How Can we Improve Non-Surgical Septal Reduction for Hypertrophic Obstructive Cardiomyopathy?
- *Corresponding Author:
- Cleator JH
Department of Cardiovascular Medicine Vanderbilt
University Medical Center, Nashville, Tennessee, USA
E-mail: [email protected]
Received date: June 04, 2016 Accepted date: June 21, 2016; Published date: July 01, 2016
Citation: Cleator JH, Kasasbeh ES, Zhao DX, Sawyer DB (2016) How can we Improve Non-surgical Septal Reduction for Hypertrophic Obstructive Cardiomyopathy?. J Cardiovasc Dis Diagn 4:246. doi:10.4172/2329-9517.1000246
Copyright: © 2016 Cleator JH, et al. This is an open-access article distributed under the terms of the Creative Commons Attribution License, which permits unrestricted use, distribution, and reproduction in any medium, provided the original author and source are credited.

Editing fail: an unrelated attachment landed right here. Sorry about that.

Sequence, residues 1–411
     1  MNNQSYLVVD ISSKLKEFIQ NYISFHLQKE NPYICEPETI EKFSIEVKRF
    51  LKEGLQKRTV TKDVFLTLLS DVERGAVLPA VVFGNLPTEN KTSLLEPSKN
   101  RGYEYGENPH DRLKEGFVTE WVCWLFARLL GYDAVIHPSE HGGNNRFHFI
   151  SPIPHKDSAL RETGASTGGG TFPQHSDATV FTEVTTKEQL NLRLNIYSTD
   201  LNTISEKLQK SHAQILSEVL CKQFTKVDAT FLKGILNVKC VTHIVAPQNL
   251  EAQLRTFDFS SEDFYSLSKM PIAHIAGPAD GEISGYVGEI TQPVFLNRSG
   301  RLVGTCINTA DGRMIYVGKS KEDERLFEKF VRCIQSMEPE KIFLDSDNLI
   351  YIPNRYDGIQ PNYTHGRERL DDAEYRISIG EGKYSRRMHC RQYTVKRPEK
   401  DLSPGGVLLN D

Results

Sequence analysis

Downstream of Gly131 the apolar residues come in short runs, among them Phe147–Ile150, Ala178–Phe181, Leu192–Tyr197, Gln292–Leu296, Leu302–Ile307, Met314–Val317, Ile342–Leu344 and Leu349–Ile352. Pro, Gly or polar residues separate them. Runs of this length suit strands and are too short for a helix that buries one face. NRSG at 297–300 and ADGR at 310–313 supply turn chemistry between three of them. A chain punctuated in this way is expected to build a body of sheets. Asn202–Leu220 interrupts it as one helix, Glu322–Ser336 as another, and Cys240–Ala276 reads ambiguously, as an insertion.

The goal for treatment of medical refractory Hypertrophic Obstructive Cardiomyopathy (HCM) is reduction of the hypertrophied left ventricular septum which obstructs blood flow. A surgical approach consists of an open-heart myomectomy, while the less invasive percutaneous approach involves creating a myocardial infarction by injecting 95 to 100% ethanol through a septal artery, a procedure termed alcohol septal ablation (ASA). Although less invasive than myomectomy, there are several limitations of alcohol septal ablation. The most important appears to be full thickness infarction that is often complicated by heart block and ventricular tachycardia/fibrillation. The ideal therapy for septal hypertrophy would be to find an agent that induces a less severe injury and/or atrophy of the hypertrophied septum. We review several alternative techniques for selective injury of the septum and describe the ideal characteristics of such an ideal agent. Our central hypothesis is that the anthracycline antibiotic such as doxorubicin may be the perfect agent. Anthracycline-based chemotherapies have been used in the treatment of solid and hematological tumors for many years. These agents have known cardiotoxic side effects that are related to cumulative dose which can lead to heart failure. Although the mechanism of action of doxorubicin cardiotoxicity is controversial, it is very clear that these agents cause atrophy of the myocardium, induce apoptosis and necrosis, as well as anti-angiogenic effects. We propose that selectively treating the hypertrophied septum of HCM patients with injection of the anthracycline doxorubicin will lead to superior outcomes compared to ASA.